Then along came Luis Enrique.

Barely a week after Túñez fell to the ground upon hearing the final whistle and was mauled by similarly relieved fans on the dramatic last day, Lucho was installed as the new manager, replacing Abel Resino who had, in turn, taken over from Paco Herrera in February. The Barcelona legend brought in several players of his own and while initially optimistic, Túñez soon came to realise that he was not going to be part of this bold new era. Though he could not have known it at the time, the emotional victory over Espanyol was to be his final competitive game in the colours of Os Celestes. 

Subsequently, partly to bolster his chances of helping Venezuela’s attempt to qualify for World Cup 2014, the man who had spent all of his career playing in the region of his youth exhibited some symptoms of a spurned lover as he looked to move far away, eventually agreeing to join Israeli side Beitar Jerusalem on loan in September 2013. While Túñez has said that he enjoyed this sojourn, it did end in professional disappointment as Beitar finished 9th out of 14 teams in the regular season and thus suffered the indignity of playing in the play-offs contested by the bottom eight sides. Túñez, however, had left in March just before the play-offs had begun and at the end of the following month he terminated his contract with Celta (two years before it expired), instead embarking on a fresh challenge with the reigning Thai champions Buriram United.

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Andrés Túñez in Celta Vigo colours, poking the ball away from Lionel Messi at Camp Nou, 3 November 2012. (David Ramos/Getty Images Europe)

Buriram Struggle, Túñez Settles:
Early Days in Thailand

This was certainly not a conventional move for a player with experience of arguably the best league in the world and who, at 27, was entering the prime of his career. However, due to the number of players with Spanish links associated with the club it was perhaps less of a venture into the unknown than may be assumed, never mind a downward spiral into a footballing abyss. Indeed, not only was he greeted at the club by the considerable talents of Javier Patiño and Carmelo González (who now have over 70 league goals between them for the past two seasons), as well as defender David Rochela, but amongst the backroom staff he would have found the Strength and Conditioning Coach/Performance Analyst, Arnau Navarro. Túñez has stated in an interview with Los Otros 18 that he sought the advice of Navarro and others before moving, though there was one man he narrowly missed upon his arrival with whom he could have shared a Balaídos story or two.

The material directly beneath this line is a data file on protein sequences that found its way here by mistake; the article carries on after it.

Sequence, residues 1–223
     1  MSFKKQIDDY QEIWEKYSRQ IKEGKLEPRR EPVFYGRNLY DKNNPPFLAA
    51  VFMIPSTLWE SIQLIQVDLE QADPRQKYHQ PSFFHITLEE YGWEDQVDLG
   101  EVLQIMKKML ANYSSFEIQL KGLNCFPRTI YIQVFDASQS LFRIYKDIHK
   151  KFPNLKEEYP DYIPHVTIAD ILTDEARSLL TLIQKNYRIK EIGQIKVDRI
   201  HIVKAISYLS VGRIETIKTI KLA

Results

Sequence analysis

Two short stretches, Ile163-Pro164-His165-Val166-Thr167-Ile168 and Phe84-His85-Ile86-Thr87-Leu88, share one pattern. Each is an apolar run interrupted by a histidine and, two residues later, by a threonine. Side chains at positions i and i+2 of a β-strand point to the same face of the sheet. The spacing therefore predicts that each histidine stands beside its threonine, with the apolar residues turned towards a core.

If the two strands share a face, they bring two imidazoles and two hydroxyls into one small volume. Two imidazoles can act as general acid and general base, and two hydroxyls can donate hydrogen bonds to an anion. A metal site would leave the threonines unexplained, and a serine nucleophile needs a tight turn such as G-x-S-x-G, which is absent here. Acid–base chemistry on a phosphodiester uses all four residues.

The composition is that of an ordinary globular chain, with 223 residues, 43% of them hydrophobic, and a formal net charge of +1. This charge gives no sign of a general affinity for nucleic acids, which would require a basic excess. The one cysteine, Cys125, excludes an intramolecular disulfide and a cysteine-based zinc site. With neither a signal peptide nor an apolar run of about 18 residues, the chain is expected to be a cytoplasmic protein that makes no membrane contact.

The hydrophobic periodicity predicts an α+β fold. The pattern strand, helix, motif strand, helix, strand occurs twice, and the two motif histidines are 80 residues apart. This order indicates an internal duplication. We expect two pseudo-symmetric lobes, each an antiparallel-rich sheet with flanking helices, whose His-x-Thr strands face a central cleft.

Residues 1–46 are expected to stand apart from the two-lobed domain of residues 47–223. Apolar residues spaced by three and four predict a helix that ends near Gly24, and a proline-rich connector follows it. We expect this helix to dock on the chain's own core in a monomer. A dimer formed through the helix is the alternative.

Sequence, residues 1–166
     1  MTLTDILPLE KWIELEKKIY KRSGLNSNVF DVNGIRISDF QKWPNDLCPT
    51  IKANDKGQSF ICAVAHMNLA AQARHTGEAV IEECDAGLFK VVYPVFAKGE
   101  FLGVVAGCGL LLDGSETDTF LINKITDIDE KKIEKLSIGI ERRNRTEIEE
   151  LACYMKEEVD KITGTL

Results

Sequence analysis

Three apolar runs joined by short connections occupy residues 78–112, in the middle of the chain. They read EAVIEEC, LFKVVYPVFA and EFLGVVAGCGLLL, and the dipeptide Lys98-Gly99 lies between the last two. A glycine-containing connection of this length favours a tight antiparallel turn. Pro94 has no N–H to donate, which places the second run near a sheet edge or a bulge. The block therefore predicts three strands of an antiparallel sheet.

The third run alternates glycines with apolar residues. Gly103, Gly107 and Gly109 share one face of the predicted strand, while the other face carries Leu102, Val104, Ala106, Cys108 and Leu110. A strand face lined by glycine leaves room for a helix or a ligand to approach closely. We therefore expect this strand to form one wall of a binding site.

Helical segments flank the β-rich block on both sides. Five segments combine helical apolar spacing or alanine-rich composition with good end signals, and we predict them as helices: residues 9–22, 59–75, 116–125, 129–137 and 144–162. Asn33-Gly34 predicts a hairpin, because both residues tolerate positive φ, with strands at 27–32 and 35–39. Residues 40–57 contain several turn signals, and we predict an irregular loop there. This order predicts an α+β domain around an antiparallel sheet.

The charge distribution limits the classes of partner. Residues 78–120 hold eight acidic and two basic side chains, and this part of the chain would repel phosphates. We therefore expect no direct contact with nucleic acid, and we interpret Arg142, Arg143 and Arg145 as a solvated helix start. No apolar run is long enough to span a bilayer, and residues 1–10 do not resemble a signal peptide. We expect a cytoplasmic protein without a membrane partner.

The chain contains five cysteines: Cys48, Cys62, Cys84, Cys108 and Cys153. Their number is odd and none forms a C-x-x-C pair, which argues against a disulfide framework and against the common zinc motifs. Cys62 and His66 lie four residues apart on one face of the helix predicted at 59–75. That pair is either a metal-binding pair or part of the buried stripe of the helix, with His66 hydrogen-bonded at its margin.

Alejandro Menéndez, who coached Túñez between 2007-09 in Celta Vigo’s B side, was relieved of his duties as Buriram manager two weeks prior to the signing of the Venezuela international. Despite having won virtually every conceivable domestic honour in 2013, Menéndez was the victim of an insatiable drive for instant success as Buriram’s woeful start to the 2014 campaign saw them take just 10 points from 8 games, leaving them 12th in the league and virtually out of the AFC Champions League at the group stage.

Consequently, the Serbian Božidar Bandović was brought in on an interim basis until early June and he had much joy revitalising the squad as they gained 20 of the 27 available points in the nine league games that he managed. Túñez took no part in this early stage of the club’s revival as he was acclimatising to his new surroundings, though in his debut on 11 June in the very next game – the first overseen by the new Brazilian manager Alexandre Gama –  an event occurred that was to have an unforeseen effect on his season.

Buriram Ascend, El Gladiador Emerges:
Andrés the Invaluable

What for his team-mates was a routine 3-1 away win in the Toyota League Cup against second-tier TTM Customs was curtailed abruptly for Túñez after he received a sharp elbow to the nose, breaking it and obliging him to wear a protective mask for the next two months. As shall be related, what was intended as a mere functional – if somewhat stylised – rehabilitation aid allowing him to play, was to become the defining identifying feature of a player who, when he did return to action two weeks later, rapidly ingratiated himself with the Buriram fans with some outstanding, match-winning displays.

Indeed, with his side now 3rd he made his first league start on 25 June away to Songkhla United, playing a crucial role in the outcome. With 15 minutes left on the clock, Buriram had squandered a two-goal lead and found themselves on level terms with the lowly outfit when Túñez came forward for a set-piece that rebounded fortuitously off the bar and into his path. Immediately nodding the ball to his left, he found Patiño who instinctively hooked it in with a scissor-kick to give his team a 3-2 victory.